3D printing could change everything we know about manufacturing and industry, A New Zealand software engineer is demonstrating the power of 3D printing by building (one 4-inch segment at a time) a 1961 Aston Martin DB4 on a Nissan Skyline chassis.
Robots have replaced people in many manufacturing jobs, but the manufacturing process as a whole remains largely unchanged. Long assembly lines slowly built up a product, especially a car, using pre-made parts. But 3D printing allows industry to build entire components, rather than shape raw materials from sheet metal, aluminum, or what have you.
Ivan Sentch is using a Solidoodle desktop 3D printer and TurboSquid CAD software to design all the needed exterior components for a ‘61 Aston martin DB4. These rare cars can fetch over a million bucks at auction, so buying one is out of the question. But building one? Well, why not. Sentch has so far put together about 2,500 4×4-inch fiberglass pieces and estimates he is over 70% done with the exterior.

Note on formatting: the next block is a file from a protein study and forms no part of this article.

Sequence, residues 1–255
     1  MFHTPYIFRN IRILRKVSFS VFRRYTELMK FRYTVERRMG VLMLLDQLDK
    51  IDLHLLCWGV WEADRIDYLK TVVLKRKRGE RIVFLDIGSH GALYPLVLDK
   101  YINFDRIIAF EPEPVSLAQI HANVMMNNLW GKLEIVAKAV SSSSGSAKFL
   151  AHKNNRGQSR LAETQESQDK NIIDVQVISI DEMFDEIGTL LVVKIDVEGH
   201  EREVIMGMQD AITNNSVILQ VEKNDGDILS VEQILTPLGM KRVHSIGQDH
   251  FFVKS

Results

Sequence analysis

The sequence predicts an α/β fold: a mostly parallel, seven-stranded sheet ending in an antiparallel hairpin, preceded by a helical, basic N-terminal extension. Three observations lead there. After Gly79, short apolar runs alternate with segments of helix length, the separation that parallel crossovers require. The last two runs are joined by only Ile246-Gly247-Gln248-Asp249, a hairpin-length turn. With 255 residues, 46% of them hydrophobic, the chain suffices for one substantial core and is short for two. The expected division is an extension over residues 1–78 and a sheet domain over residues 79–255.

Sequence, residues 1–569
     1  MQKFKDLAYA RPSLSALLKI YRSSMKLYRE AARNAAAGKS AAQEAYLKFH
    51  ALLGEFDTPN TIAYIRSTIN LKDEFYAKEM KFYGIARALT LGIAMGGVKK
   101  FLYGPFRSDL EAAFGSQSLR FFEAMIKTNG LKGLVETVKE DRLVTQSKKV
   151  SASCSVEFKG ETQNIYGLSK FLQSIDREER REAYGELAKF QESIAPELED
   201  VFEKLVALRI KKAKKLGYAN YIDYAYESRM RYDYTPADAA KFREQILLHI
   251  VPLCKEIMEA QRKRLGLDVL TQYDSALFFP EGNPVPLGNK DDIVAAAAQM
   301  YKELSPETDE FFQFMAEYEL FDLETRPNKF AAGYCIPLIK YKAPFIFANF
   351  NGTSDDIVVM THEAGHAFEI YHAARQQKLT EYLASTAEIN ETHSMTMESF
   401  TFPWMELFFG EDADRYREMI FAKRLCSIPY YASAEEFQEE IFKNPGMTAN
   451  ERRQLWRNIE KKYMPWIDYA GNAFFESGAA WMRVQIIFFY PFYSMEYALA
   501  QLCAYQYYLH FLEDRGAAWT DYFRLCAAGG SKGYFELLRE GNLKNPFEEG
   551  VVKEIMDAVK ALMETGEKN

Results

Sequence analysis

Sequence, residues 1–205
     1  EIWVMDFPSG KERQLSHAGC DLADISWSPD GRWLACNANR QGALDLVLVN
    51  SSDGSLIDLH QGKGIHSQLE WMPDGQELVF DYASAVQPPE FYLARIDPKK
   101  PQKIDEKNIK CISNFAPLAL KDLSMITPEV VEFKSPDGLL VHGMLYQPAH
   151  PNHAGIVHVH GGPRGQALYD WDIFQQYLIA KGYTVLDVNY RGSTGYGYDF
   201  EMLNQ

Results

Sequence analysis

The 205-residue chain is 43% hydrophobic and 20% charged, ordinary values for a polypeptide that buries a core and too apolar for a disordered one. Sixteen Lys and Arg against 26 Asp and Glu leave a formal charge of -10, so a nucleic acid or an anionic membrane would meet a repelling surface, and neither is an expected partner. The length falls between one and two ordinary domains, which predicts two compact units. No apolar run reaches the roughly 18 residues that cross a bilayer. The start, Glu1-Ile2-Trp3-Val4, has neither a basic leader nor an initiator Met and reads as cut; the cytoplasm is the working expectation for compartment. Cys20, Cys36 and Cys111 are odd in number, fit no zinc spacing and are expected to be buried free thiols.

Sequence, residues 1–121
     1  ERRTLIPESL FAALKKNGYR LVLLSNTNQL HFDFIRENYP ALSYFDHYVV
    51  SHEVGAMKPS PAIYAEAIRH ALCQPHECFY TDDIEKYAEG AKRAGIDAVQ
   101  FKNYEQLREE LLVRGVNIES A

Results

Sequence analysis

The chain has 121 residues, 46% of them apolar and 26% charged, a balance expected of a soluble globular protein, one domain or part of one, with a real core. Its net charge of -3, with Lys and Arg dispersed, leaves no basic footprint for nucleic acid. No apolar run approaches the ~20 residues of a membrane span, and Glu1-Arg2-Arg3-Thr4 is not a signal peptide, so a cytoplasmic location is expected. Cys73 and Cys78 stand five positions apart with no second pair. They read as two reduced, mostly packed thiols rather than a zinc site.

Of course that is before sanding, filling, and sanding some more. There is also the matter of printing a full interior, and attaching the whole thing to a Nissan Skyline chassis. But it’s a brilliant demonstration of the capability of 3D printing, and how one day we may “take delivery” of a car that is printed on-site to our exact specifications. Talk about localizing industry.